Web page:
How the stain of menstrual taboos, social stigma is slowly fading
The community in Manipur, which is steep in traditions and culture, is gradually giving up the old practice and beliefs associated with menstruation
Updated on 24 Jul 2020, 3:13 pm
Representational Image (PHOTO: Pexels)
Amid the fast evolving age of technology and increase in literacy rate in the society, both men and women alike are seen advancing equally, keeping pace with the changing world scenario. However, despite modernisation of life at its peak, social taboos continue to dog the Indian society. In Manipur, steep in traditions and cultural norms, womenfolk continue to face the struggle against social taboos shrouding menstruation. However, with the onslaught of modernity, more and more people are giving up old practices and beliefs.
Women empowerment plays a key factor in the struggle and development of Manipur. In fact, the main market in the center of the state capital Imphal, Khwairamband Ima Keithel, which is the only market run by only women vendors, stands as a significant mark of the identity of women in the state as strong, enterprising and progressive.
However, till today, social stigma strung to traditions and cultural beliefs is prevalent in some pockets of the society, silencing acquired modern knowledge, and women continue to face the brunt of it. More so, when they attain the age of puberty.
Speaking exclusively to Imphal Free Press, a well-known folk artiste, Irungbam Padmabati said women in the Manipuri society have to follow certain do’s and don’ts when they come to womanhood, and their lives start to take a different role when they come of age.
"Since forefather when a girl attains womanhood, she has to stay inside the house for the whole menstrual cycle period which would last five-seven days, Padmabati said, adding, "It is believed that if a woman gets conceived during the menstrual cycle, it will bring bad omen for the family in the future. The child which was conceived will not bring a good future for the parents also,"
During the menstrual cycle a woman cannot attend social ceremonies. She cannot enter the temple and kitchen of the house, Padmabati said.
In earlier times, during the menstruation period, women are advised to stay in a separate room constructed outside the house. She is kept away from the family. It is ominous for a man to come near a woman during the menstrual period, she added.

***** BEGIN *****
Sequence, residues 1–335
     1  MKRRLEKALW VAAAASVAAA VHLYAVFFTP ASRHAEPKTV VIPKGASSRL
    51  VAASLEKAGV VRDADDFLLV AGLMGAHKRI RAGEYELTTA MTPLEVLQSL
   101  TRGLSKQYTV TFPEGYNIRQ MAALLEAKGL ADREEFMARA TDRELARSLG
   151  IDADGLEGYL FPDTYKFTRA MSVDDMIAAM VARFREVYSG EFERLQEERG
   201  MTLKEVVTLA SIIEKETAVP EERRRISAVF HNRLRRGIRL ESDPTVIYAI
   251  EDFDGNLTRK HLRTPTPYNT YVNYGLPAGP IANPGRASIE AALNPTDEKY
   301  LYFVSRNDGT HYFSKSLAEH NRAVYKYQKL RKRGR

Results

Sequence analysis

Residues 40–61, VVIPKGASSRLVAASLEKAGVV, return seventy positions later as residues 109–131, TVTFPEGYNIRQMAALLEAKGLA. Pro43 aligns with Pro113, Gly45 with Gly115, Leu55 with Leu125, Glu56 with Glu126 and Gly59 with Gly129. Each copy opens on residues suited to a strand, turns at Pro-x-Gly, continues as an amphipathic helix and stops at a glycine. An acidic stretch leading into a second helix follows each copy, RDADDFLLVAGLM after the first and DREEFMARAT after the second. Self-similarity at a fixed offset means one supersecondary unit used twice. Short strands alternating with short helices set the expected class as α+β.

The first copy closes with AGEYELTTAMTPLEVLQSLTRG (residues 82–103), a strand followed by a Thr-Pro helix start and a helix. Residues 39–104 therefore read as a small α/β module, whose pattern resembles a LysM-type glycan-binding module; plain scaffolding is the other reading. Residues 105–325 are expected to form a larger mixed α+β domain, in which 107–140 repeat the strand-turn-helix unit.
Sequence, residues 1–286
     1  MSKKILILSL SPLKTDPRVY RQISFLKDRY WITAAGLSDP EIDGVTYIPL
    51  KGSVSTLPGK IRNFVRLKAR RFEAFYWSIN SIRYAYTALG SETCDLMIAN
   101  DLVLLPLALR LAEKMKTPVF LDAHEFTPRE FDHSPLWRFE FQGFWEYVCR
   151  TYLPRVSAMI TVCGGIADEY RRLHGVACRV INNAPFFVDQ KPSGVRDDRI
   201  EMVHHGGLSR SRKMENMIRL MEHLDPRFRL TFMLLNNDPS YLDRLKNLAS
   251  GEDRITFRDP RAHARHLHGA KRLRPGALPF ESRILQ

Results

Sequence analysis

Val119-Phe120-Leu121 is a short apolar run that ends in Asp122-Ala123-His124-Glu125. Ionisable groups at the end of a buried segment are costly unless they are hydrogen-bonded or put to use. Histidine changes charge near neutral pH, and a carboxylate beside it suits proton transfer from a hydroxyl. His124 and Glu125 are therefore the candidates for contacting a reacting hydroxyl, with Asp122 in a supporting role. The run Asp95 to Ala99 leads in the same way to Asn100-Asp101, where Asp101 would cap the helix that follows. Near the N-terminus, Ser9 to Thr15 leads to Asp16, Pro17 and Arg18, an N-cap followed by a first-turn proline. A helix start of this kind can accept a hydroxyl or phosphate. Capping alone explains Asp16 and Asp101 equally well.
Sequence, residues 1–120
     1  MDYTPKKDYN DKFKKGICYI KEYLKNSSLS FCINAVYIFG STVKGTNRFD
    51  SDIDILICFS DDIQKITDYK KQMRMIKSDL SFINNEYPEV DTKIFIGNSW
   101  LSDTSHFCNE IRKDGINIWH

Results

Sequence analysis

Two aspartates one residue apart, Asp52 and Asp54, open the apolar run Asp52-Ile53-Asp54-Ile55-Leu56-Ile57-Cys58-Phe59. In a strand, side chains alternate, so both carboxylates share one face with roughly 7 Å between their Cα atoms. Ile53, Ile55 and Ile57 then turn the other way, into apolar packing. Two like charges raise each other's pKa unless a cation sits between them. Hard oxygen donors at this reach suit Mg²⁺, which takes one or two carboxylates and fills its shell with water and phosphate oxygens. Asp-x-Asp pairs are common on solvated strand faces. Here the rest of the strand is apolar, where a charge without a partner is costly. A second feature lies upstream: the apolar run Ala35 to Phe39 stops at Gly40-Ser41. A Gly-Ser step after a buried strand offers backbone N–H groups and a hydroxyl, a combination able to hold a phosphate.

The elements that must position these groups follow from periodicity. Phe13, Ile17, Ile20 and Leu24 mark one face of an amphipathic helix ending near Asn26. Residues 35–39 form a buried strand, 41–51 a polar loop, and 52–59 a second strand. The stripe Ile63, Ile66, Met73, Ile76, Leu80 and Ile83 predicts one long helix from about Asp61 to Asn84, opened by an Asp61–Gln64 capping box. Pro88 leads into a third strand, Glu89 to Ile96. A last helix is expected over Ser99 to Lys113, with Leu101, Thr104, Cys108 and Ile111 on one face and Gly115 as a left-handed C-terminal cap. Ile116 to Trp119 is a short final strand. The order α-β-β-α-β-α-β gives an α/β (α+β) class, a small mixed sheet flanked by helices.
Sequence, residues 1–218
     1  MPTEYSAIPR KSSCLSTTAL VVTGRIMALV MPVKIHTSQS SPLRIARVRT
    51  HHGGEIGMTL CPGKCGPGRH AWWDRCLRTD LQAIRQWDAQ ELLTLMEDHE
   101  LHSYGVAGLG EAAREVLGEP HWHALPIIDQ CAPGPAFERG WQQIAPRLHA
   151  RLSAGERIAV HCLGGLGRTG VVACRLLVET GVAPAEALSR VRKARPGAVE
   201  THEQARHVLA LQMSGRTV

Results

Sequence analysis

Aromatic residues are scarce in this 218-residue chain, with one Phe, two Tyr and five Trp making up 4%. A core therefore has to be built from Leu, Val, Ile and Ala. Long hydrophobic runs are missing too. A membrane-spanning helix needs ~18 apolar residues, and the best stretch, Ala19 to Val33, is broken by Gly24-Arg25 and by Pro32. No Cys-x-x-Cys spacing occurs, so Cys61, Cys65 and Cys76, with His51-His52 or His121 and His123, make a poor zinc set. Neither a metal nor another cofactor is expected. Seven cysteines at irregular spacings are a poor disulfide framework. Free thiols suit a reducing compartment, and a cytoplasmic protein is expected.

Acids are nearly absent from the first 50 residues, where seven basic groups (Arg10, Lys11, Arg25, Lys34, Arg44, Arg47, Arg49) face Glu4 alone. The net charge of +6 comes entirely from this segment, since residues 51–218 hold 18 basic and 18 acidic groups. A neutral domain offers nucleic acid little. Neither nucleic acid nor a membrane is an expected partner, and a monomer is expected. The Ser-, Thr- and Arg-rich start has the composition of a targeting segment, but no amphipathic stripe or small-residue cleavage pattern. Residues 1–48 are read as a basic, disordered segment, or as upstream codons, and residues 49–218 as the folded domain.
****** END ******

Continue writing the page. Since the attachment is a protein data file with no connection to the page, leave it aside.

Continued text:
In most of the rural areas and even in urban areas, during the menstrual period, women abstain from participating in ritual ceremonies and other domestic works. In the Manipur society a minimum percentage of family are exempted from the societal norms.
Associate professor of the Department of Obstetrics and Gynaecology, Regional Institute of Medical Science (RIMS), Dr Akoijam Usharani also said in an exclusive interaction with the Imphal Free Press that though there are some families who still follow the social beliefs, many families have started ignoring the taboos.
She said a woman's menstrual cycle is just a physiological change with the coming of womanhood. Menstruation in women is not a disease but a physiological change with the changing of hormones in females.
“The taboos on menstruation that are being practiced since our forefathers might have some reason behind it. Our forefathers were clever. Most of the women in our society also have to engage in all the household work starting from kitchen work to others. Women avoid doing household chores during the period might be because of the need to take rest for five days a month,” she asserted.
She said in the olden days awareness on the benefits of using sanitary pads were absent due to the reason in those days women are kept away from doing household works. But at present most women have proper knowledge on the benefit of using sanitary pads, because of which the number of infections during childbirth and other infections has been decreasing," said Usharani.
"Discharge of blood during the menstruation period is normal blood and in the Manipuri society blood is considered ominous and these also indicates hygienic practice that has been followed since our forefathers," she added.
According to science, there are no foods to be given up for a woman during the menstruation period. With the changing of living standard, diet and increase in literacy rate, woman menopause has also increased to 50 years, said Usharani.
To create awareness on menstruation and related social stigma being faced by woman across the country, many film makers have started producing awareness films based on woman’s menstruation. ‘Pad-man’ can be cited as an example.
During the COVID-19 lockdown in the state, some NGOs distributed sanitary kits to women living below poverty line. One of the youth-based NGOs also organized three-day training programme on making washable sanitary pads for women inmates in Manipur central jail in January 2019 with the support from superintendent of police (jail). It is stated that the workshop was organized after considering the problem of women hygiene that most of the women had been facing as social taboos.
IFP reporter, IMPHAL, Manipur